The Winner Takes it All.
In conversation with Makke Leppänen

Going global is full of both risks and opportunities. How can an entrepreneur prepare themself for the ups and downs of a road that could take them around the globe? Makke Leppänen knows as he has been coaching both athletes and business leaders for nearly three decades. We caught him in Manila for a quick chat.



Hi Makke. You’re a psychology expert and a mental performance coach and you’ve worked with many of Finland’s leading entrepreneurs. What’s your background?


I came to this through professional sports. I got my hunger, ambition and tenacity from competitive sport. In sport, you have clear goals and a team; you train hard and either achieve your goal or don’t achieve it. My own story and interest is inspired by sports as well as my younger brother, with whom I’ve written books and developed mental coaching trainings. When my brother was young, he was suddenly paralysed by an illness. Watching him work through it inspired me to start investigating why some people emerge as mental winners and others don’t. It drove me first to California and then to Sydney, where I pursued my master’s degree in psychology.


How did your brother’s journey inspire you?


His ability to find a new mission was remarkable. At the time of his illness, he was just about to move to America as an exchange student and play ice-hockey for the school’s team. It all happened out of the blue - his spinal cord became inflamed and he spent a while in the intensive care unit. Luckily he made it out alive and his brain recovered fairly fast. Yet, his spinal cord was left destroyed by the illness. He had put all of his eggs into one basket and had to start rebuilding his life from scratch. The way he rebuilt his identity was astonishing: he quickly pivoted from being an athlete to coaching young athletes and entrepreneurs and sharing his insights. He’s a living example of how understanding yourself and your mental mechanisms can translate into success.


What separates so-called winners from so-called losers?


One crucial factor is tenacity. Another is being goal-oriented. If you’re able to see your journey clearly, it will grow your ambition and prepare you to face challenges; you’ll be able to cultivate a mindset of never giving up. Downturns are a part of both our personal and professional lives and they form a part of our journey. If you’re able to learn from your mistakes, you’re already well on your way towards global success.


How can one build tenacity and resilience?


Resilience, as many psychological studies have found, is not innate and can be built and learnt. It’s just like in sports: you can build your resilience one small step at a time. The jump to the top won’t happen in the blink of an eye. It requires a fair dose of patience and willingness to try and fail. One thing that can inspire any entrepreneur is reading about different success (and failure) stories. It can give you a boost and help grow your understanding of the world around you. It’s understandable to want an easy solution, yet everything grows from an understanding yourself and understanding others.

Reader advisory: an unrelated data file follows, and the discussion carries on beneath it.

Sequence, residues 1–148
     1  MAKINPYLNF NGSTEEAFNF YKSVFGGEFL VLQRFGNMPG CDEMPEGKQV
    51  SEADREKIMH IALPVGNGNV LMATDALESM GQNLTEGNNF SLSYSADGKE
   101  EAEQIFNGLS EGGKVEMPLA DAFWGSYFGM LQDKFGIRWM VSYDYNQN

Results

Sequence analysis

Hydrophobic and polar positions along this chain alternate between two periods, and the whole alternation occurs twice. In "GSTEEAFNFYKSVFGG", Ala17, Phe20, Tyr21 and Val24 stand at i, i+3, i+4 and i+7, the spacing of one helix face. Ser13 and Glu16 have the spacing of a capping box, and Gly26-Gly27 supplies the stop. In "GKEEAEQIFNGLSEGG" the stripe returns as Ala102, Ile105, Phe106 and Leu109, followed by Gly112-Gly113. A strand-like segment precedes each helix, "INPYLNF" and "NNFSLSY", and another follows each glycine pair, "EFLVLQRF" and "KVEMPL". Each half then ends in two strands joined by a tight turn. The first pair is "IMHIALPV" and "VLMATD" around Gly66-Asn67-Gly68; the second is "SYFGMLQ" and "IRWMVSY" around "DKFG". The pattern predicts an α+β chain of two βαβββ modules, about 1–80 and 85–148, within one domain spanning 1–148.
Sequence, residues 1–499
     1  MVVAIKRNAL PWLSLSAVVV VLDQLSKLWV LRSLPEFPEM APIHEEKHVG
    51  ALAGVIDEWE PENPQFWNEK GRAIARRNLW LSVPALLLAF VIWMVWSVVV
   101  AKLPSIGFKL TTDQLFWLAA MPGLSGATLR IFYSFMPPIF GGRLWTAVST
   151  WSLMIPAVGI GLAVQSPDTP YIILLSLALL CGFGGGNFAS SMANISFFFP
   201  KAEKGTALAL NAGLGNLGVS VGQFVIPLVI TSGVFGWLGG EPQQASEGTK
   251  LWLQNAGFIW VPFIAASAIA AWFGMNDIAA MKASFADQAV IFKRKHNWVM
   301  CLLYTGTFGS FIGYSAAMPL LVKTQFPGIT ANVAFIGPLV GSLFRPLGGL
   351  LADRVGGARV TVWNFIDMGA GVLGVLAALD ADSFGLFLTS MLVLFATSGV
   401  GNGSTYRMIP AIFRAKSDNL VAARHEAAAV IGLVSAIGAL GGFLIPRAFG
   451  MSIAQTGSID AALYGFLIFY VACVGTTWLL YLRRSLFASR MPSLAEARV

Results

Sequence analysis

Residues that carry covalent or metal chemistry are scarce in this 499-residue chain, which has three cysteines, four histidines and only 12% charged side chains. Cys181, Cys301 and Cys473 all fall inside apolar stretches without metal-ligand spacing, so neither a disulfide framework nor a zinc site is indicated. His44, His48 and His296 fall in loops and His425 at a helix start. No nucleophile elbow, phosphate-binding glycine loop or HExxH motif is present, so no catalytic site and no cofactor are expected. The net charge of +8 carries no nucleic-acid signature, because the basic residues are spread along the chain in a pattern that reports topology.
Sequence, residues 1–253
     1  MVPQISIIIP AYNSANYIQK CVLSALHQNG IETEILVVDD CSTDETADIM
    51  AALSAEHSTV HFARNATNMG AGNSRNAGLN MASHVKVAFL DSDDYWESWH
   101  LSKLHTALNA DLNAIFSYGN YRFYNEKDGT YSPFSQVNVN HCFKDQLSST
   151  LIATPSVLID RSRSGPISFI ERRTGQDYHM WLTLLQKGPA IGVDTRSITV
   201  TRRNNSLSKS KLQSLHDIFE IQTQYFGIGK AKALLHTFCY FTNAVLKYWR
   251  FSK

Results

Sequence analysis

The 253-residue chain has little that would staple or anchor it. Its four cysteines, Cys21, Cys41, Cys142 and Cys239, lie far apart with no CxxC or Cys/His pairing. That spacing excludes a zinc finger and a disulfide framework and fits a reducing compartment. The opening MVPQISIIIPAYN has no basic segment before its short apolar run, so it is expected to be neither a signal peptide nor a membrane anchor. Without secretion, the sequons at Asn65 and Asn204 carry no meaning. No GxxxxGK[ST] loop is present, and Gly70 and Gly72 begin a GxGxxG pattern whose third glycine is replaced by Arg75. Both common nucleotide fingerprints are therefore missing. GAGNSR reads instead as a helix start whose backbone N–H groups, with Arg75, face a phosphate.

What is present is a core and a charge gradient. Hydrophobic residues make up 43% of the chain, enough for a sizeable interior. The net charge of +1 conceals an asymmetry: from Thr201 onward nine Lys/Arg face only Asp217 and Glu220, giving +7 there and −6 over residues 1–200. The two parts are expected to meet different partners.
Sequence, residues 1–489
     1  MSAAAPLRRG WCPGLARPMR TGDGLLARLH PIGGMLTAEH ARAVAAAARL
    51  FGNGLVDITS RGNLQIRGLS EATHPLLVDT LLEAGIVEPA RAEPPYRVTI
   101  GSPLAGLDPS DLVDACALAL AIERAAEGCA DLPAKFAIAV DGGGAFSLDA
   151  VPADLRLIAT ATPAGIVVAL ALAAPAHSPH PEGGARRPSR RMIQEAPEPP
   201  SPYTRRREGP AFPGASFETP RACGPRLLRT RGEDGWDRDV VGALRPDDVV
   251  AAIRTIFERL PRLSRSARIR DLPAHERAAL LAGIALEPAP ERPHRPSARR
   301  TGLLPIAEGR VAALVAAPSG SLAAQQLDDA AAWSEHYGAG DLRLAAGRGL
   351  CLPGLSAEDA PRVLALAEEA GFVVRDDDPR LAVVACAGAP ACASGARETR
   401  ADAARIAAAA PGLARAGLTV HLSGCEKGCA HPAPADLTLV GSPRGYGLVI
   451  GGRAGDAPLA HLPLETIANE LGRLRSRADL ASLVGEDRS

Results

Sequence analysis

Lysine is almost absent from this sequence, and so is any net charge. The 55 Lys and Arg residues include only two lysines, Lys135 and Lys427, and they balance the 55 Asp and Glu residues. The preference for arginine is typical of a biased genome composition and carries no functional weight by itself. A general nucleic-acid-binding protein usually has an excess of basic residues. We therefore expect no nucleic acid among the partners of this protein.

How can you grow that understanding?


Find mentors and people that inspire you; people that have been through what you want to embark on. Have conversations, exchange ideas and dive deep into yourself.


What’s the most important factor in going global?


Having a vision and a solid company culture is crucial. Leading with vision tends to drive the best achievements while being ambitious enough and finding passionate people helps to grow a global company. Building a sense of community right at the core of the company is extremely important, as is building a culture that allows for mistakes and sharing learnings.



What kind of advice would you give for companies going global?


Every country works differently, but learning how to build rapport and trust with your partners, no matter what country you’re in, can make or break your company. You need to be able to adapt to the culture of the market you’re trying to break into; you shouldn’t try to change your market too much or expect people from other cultures to behave like people from your culture. A flexible mindset that champions growth helps you adapt to different challenges.


How can an entrepreneur avoid burnout while striving for global success?


It’s a really important topic and theme. It all starts with managing your energy sources. For instance, I travel a lot and always stay in hotels that have gyms. Going to the gym every morning allows me to keep my body and mind healthy. The culture of doing business has, in general, fortunately, changed a lot. Today, business meetings no longer stretch into boozy dinners, which allows people to lead healthier lives. Another way to avoid burnout is to separate work and life; to realise that your professional identity isn’t your identity. Once again, it’s all about understanding yourself and the way your mind works. It’s about understanding your strengths and weaknesses and knowing that mental change doesn’t happen in a day.


What are the traits that you’ve perceived in successful people?


Successful people are often unafraid to try new things. They don’t wait for their product or service to be perfect but expose it to the world and its consumers when it’s on the level of an idea. They understand cultures and needs, yet don’t wait for their language skills or knowledge to be picture-perfect before they board their first flight.


What kind of advice would you give to entrepreneurs who are taking their business global?


Understand how your mind works and get familiar with your strengths and weaknesses. Be patient: there aren’t going to be quick wins, but if you’re patient, you might end up achieving something great.


Words: Matilda Kivelä
Photos: Melissa Georgiou

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